Definition of scarab in English:

scarab

noun

  • 1A large dung beetle of the eastern Mediterranean area, regarded as sacred in ancient Egypt.

    • ‘But the scarab also holds deep personal significance for me.’
    • ‘For the moment, the scarabs were lost from sight.’
    • ‘The scarabs appeared to have left the area, but there was no telling when they would return.’
    • ‘Khepri was the sacred scarab, whom the Egyptians believed was associated with the power of renewal, rebirth and resurrection.’
    • ‘The wife of King Albert, Queen Paola, commissioned Fabre, who used the jewel-like shells of scarabs culled from the Far East.’
    1. 1.1 An ancient Egyptian gem cut in the form of a scarab beetle, sometimes depicted with the wings spread, and engraved with hieroglyphs on the flat underside.
      • ‘Castellani also incorporated cameos, scarabs, and enamel into pieces of jewelry as had been done in ancient times.’
      • ‘For he that carries this scarab is the guard of many a sacred and coveted secrets.’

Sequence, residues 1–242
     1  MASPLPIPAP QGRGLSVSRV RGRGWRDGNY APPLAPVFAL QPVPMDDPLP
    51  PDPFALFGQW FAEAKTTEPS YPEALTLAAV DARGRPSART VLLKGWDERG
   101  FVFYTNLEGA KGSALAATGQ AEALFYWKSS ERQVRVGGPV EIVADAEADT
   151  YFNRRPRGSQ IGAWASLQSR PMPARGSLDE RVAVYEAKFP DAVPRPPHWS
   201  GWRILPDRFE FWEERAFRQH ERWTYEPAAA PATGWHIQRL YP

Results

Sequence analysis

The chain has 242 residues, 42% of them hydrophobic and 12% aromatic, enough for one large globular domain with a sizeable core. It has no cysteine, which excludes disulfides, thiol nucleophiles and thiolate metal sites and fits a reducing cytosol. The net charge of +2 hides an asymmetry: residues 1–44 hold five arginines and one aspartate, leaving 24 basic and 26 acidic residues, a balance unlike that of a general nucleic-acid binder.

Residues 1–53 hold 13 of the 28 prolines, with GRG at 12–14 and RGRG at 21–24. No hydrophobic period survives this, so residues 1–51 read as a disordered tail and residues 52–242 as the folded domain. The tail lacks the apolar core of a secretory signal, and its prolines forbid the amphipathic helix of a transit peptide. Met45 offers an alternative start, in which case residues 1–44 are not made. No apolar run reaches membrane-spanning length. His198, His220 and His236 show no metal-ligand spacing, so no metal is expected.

• ‘This is borne out by scarabs dating from the Twenty-sixth Dynasty, which suggest that he was still worshipped some 2,000 years after his death.’
      • ‘You can get an ancient oil lamp for about $75 or so, or a multitude of Egyptian scarabs and Roman Fibulae for even less, or coins of the ancient world from $20 and up.’
      • ‘It was some sort of ancient Idol, and I found a necklace with a scarab in it.’
      • ‘In 1995, thieves burrowed through the wall of a storeroom used to house artefacts at the Temple of Montu in Karnak, and looted some 55 scarabs and statues.’
      • ‘The ladybirds are suburban scarabs - there is something jewel-like about them, like tiny ladybird cufflinks set with emeralds and diamonds, or enamels, etched with intricate engravings.’
      • ‘They included an Egyptian scarab whose hieroglyphics told how Amen Hotep III of the 18th dynasty shot 102 fierce lions with his own bow.’
      • ‘Gently, he turned over the scarab to reveal miniscule hieroglyphics on the back.’
      • ‘He picked it up, seeing it was a golden scarab.’
      • ‘The most common Egyptian amulet was the scarab, made in the form of a sacred beetle, and this design continued to be used in early Greek and Etruscan work.’
      • ‘Each merchant's tales of how the scarabs came from the tomb of Tutankhamun grew less and less likely with every member of the caravan.’
    2. 1.2 Any scarabaeid beetle.

Origin

Late 16th century (originally denoting a beetle of any kind): from Latin scarabaeus, from Greek skarabeios.

Pronunciation

scarab

/ˈskerəb/